Urban Renewal to Invest in Infrastructure
Happy Valley residents have asked for more investment in:
♦improved roads ♦ better sidewalk connections ♦ land for parks ♦ and more
We know, for example, that residents would prefer 172nd Avenue north of Sunnyside to be completed at once, rather than the continued half-street improvements made by developers. We also know connecting 162nd Avenue is important to link the Taralon neighborhood with the future high school near Rock Creek. To bring these projects to fruition, and many more like them, the City needs a new funding tool – Urban Renewal.
Urban Renewal Finance
Urban renewal does not increase permanent rate levy tax rates. When an urban renewal area (URA) is established, the assessed value within the URA boundary becomes the “frozen base” assessed value. As assessed value in the URA grows time, the difference between the total assessed value and the frozen base is considered “increment” assessed value.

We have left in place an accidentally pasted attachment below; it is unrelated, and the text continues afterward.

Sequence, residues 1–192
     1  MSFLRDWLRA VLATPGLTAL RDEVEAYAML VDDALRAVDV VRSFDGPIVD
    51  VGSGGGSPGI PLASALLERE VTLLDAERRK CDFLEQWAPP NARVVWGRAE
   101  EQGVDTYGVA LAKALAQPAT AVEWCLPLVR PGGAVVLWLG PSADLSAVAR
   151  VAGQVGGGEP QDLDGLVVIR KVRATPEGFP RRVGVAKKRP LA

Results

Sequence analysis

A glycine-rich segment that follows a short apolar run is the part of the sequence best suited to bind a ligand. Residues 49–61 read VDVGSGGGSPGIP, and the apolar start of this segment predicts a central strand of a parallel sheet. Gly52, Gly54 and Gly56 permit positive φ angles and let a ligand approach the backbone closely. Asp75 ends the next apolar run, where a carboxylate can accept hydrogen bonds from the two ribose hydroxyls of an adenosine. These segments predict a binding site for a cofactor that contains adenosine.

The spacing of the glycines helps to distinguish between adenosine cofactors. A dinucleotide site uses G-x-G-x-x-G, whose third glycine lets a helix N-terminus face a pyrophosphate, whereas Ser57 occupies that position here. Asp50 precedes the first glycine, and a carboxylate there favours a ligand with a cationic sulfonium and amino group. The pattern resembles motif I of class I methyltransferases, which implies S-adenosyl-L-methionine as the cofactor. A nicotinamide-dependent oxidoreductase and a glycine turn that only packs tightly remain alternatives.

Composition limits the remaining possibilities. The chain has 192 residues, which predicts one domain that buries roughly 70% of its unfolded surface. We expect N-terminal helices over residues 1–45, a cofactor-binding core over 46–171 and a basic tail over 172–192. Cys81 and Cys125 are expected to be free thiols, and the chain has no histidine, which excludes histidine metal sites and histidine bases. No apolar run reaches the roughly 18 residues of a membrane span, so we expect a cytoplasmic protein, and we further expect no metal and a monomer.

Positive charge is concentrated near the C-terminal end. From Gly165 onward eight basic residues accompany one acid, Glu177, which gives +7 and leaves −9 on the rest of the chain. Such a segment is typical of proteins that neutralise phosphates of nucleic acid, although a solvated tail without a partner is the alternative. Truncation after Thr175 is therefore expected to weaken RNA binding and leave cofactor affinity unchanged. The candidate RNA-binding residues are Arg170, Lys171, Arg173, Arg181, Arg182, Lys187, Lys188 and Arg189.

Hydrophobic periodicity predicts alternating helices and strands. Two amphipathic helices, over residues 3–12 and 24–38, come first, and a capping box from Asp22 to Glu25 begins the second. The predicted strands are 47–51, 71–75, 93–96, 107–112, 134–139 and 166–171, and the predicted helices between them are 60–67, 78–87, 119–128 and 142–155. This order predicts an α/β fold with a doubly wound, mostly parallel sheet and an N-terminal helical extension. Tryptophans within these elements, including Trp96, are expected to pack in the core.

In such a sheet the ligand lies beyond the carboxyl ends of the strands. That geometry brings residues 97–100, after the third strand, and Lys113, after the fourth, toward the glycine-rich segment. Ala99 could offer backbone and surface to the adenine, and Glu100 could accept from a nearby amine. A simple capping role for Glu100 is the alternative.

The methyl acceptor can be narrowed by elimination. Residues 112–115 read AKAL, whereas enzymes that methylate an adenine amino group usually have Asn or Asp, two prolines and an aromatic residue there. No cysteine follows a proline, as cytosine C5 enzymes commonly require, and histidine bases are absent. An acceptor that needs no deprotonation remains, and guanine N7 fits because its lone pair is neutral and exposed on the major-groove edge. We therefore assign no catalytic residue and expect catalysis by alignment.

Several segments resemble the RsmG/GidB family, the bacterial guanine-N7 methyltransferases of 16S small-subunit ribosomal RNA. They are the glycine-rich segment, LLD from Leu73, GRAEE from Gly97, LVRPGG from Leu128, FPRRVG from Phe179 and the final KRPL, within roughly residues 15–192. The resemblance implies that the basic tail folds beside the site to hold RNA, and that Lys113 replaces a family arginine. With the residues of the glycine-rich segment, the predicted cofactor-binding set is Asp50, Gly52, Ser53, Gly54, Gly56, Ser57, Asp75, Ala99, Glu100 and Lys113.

Urban Renewal Impact to Taxing Districts
Each year, property tax revenue from the frozen base in the URA will be distributed normally to all overlapping taxing districts. This is different from the property tax revenue generated from the increment, called Tax Increment Finance (TIF) revenue, which will go to the URA. After the URA is closed, all future tax revenue from the increased assessed valuations is distributed to the overlapping taxing districts. What this means is urban renewal is purely a division of taxes; it does not create a new tax or increase the existing tax rate.